This kind of handling, or mishandling, of cases by many local officials persuades Kondo and others that, while government support is critical, shelters must operate autonomously. Strict rules at government-run women’s shelters also deter women from staying there. In 2015, 10 of the nation’s 48 public shelters were barely used: Three were empty and seven housed only one person. Kondo noted that, in the same time period, many private shelters were at capacity. Kondo would prefer better public-sector solutions for women seeking shelter. She laments that this is not a priority for the current administration, which seems more interested in utilizing female labor than in protecting individual women.


Kondo pins much of the blame for increasing domestic violence on Abe, especially what the prime minister describes as his drive “to fortify” the family. This is apparent in his attempts to revise the Constitution.

Japan’s postwar Constitution was drafted by a group of Americans working under the Allied Occupation, but was widely embraced in the years that followed. Some Japanese progressives even lamented that the document did not make even more radical changes, noting that it retains the emperor, albeit as a “symbol.” Significantly, the document both forbade Japan from maintaining “land, sea, and air force as well as other war potential” (Article 9), and promised equality between men and women (Articles 14 and 24).

Conservative forces in Japanese politics have proposed alterations to Article 9, the clause that makes Japan’s postwar Constitution a “peace constitution.” And Kondo argues that this push to further militarize Japan is creating a sense of the right of might—a formulation now extending to the dynamics of intimate relationships.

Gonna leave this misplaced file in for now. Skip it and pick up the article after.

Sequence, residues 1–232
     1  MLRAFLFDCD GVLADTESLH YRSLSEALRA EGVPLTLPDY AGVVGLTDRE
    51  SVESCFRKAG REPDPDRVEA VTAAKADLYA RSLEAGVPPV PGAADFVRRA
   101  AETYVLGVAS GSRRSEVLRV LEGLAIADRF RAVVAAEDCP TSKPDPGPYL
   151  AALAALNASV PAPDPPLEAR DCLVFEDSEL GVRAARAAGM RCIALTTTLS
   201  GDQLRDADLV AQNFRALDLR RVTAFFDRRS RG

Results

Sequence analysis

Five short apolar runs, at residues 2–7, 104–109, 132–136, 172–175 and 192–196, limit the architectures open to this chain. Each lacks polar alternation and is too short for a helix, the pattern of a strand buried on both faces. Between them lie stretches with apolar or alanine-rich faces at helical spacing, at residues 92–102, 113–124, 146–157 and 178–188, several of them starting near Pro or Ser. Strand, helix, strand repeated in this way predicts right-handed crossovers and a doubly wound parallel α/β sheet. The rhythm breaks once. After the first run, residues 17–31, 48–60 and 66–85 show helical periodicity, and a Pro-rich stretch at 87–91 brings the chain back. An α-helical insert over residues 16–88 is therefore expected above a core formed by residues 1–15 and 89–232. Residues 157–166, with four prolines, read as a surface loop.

But the other, lesser-known article in Abe’s crosshairs is Article 24, which defines individual rights in marriage. Although the retention of the family registration (koseki) system already undermines the spirit of the law, conservatives in Japan now are working to change the language of the Constitution itself.

Currently, Article 24 states that marriage should be based “only” on the agreement of the two spouses. A current LDP draft proposes to remove “only,” making space for family members to intervene in how individuals choose partners. The draft also includes a new section, which would read, “Family should be respected as the national and basic unit of society. Family members must help each other.”

Tomomi Yamaguchi, an anthropologist at Montana State University who specializes in Japanese conservative activism, writes that, in a political environment in which the right cannot openly attack gender equality, advocating the “protection of family” is framed as a critique of rampant individualism. The conservative arguments for revising Article 24 insist that the article as it stands now encourages selfishness. Such “selfishness” includes not marrying and not reproducing.